# PICMicrocontollerBasicMath Square Methods

Calculating x^2.

Archive:

Summary:

• A 4 bit number IMHO is most efficiently squared using a lookup table.
```       ; assumes W contains a 4 bit number, and squares it.
; by John Payson
Sqr4:
db      0,1,4,9,16,25,36,49,64,81,100,121,144,169,196,225

```
• John Payson notes that "BTW, on the subject of squaring, a potentially useful observation in some cases is that
``` (a+b)^2 = a^2 + b^2 + 2ab
```

Thus, any multiplication could be performed as three squaring operations, a subtraction, and a shift."

• David Cary notes that multiplication could be performed as three t() lookup operations, and some addition and subtraction:
```a*b = t(a+b) - ( t(a) + t(b) )

; calculate t(W), for 0 <= W <= 22
; by David Cary
get_t_w:
PAGESEL \$+2
db 0,1,3,6, H'0A', H'0F', H'15', H'1C', H'24', H'2D'
db H'37', H'42', H'4E', H'5B', H'69', H'78'
db H'88', H'99', H'AB', H'BE', H'D2', H'E7', H'FD'
```
• If you already have subroutines to perform NxN bit multiply, the smallest *code* to do N bit squaring is to call the NxN bit multiply routine.
• Andy David asked "What's the fastest way to square a 10-bit number?"

Stuart Taylor suggested starting with a standard 16x16 bit multiply and trimming it down to a 10x10 bit multiply.

Keith Dowsett suggested "break it down into three simpler multiplications:

```(a+b)^2 = a^2 + b^2 + 2ab
```

where b is the bottom 8 bits of the number, a is the top 2 bits, and use a conventional 8x8 bit multiply for b^2, and (for speed) use a customized 2x8 bit multiply for 2ab, and a 4 entry lookup table for a^2.

• Inspired by Keith Dowsett, Scott Dattalo suggests, instead of breaking the number N into 2 bits and 8 bits, breaking the number into 5 bits and 5 bits:
```N = a*32 + b

a = 5 msb's
b = 5 lsb's

Now using Keith's observation:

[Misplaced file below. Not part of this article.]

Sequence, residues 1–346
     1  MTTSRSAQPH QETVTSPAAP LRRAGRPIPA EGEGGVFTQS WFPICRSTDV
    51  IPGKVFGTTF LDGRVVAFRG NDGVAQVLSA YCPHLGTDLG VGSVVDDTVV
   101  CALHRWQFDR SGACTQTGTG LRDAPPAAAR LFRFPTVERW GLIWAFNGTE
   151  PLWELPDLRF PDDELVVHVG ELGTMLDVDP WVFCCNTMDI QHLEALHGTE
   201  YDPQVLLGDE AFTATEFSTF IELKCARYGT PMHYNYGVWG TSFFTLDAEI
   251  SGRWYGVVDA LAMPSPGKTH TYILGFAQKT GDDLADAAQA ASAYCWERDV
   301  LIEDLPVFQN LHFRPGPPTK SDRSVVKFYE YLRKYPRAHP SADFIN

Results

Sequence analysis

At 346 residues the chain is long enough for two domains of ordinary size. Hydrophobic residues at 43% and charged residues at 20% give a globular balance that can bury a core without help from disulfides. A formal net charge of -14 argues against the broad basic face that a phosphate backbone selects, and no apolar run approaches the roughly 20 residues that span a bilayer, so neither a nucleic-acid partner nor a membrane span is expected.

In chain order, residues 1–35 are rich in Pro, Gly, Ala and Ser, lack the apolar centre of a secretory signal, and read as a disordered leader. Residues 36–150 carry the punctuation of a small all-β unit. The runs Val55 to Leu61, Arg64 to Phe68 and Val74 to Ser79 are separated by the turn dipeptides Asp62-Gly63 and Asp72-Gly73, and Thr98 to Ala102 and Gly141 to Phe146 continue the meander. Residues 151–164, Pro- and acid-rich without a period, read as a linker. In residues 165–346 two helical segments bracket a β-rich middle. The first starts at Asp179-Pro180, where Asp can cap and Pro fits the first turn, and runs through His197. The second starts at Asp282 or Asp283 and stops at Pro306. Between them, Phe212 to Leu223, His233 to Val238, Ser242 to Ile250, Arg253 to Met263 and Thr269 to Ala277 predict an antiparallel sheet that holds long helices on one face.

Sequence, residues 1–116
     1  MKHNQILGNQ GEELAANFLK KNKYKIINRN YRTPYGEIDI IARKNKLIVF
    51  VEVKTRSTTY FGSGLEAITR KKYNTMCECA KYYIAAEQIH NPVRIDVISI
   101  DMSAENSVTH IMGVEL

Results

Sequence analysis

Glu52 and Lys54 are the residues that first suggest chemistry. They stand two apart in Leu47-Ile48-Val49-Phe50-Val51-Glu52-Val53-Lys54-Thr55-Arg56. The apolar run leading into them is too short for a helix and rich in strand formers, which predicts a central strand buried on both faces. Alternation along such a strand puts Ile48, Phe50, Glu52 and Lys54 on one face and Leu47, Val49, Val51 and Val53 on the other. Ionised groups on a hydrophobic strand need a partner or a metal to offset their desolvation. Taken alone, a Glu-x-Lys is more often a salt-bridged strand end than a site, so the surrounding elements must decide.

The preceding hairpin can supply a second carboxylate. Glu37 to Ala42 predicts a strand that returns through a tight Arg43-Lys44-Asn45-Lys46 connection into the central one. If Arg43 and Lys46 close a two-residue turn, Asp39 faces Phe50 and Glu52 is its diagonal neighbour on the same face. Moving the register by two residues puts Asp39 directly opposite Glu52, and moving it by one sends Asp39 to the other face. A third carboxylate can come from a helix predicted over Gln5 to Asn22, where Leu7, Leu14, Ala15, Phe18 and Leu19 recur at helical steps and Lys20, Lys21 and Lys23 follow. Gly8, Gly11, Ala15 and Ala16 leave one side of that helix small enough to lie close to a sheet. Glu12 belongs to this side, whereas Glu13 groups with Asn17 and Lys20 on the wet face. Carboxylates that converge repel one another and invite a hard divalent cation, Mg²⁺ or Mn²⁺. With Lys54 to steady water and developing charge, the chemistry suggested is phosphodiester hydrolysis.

N^2 = 32^2 * a^2 + 64*a*b + b^2

=  (a^2)<<10 + (a*b)<<5 + b^2
```

which can be evaluated with one general-purpose 5x5 bit multiply and a lookup table for squaring 5 bit numbers.

Then Scott wonders if breaking the number into 3 nybbles would be even faster:

```  N = a*256 + b*16 + c
N^2 = (a*256)^2 + (b*16)^2 + c^2 +
2*(a*256*b*16 + a*256*c + b*16*c)
= (a^2)<<16 + (b^2)<<8 + c^2 +
((a*b)<<12 + (a*c)<<8 + b*c<<4))<<1
```

(See 4x4 bit multiply )

Andrew Warren speculates that a standard 10-bit x 10-bit multiplication will turn out to be faster than any of the complicated schemes above.

• Andy David has some tips on speeding up a 10 square by using 10x10 bit multiply:
A 10x10 multiply IS faster than 16x16, {for calculating a square} mostly because the result is guaranteed to fit in three bytes rather than 4. If you don't have the code space to unroll the whole multiplication into inline code (as I showed in my "Solution #1"), looped code can still be made pretty fast by writing three loops:

One for the first few bits of the multiplier, where the result of each addition of the multiplicand to the intermediate result is guaranteed to fit in the least-significant two bytes,

one for the next group of bits, where the addition may affect all three bytes of the result, and

one for the final few bits, where the addition is guaranteed to only affect the two most-significant bytes of the result.

John Payson implemented Andy David's tips, in a completely unrolled loop (sacrificing code space for speed) See the debugged version

```; [warning: untested]
; by John Payson 1996-11-05
clrf    DstH
clrf    DstM
clrf    DstL
movf    SrcL,w
andlw   \$0F
btfss   Src,4
rrf     DstM
rrf     DstL
btfss   Src,5
rrf     DstM
rrf     DstL
btfss   Src,6
rrf     DstM
rrf     DstL
btfss   Src,7
call    Sqr4
swapf   SrcL
andlw   \$0F
call    Sqr4
; At this point, 16-bit result is in DstM:DstH
; 25 words of code prior to this point (plus a
; 17-word table-lookup).  Total execution time:
; 35 cycles up to this point.
btfss   SrcH,0
goto   NoBit8
movf    SrcL,w
btfsc   C
incf   DstH
btfsc   C
incf   DstH
incf    DstH
; Another 9 words for bit 8; 3 or 9 cycles to exec.
NoBit8:
btfss   SrcH,1
goto   NoBit9
movlw   4
btfss   SrcH,0
movlw  8
rlf     SrcL,w
btfsc   C
incf   DstH
btfsc   C
incf   DstH
btfsc   C
incf   DstH
btfsc   C
incf   DstH
; Another 17 words for bit 9; 3 or 17 cycles to execute
; Total worst-case time: 35+26 = 61 cycles.
NoBit9:
retlw   0       ; All done!
Sqr4:
db      0,1,4,9,16,25,36,49,64,81,100,121,144,169,196,225
```

Questions:

• hishamel2_AT_hotmail.com asks: " Is there a consise routine (i.e less than 80 instructions) for taking the square (x^2) of 12 bit unsigned number.

Hisham" +

 file: /Techref/microchip/math/sq/index.htm, 7KB, , updated: 2010/4/14 23:14, local time: 2023/5/31 22:44, TOP NEW HELP FIND:  35.172.111.47:LOG IN

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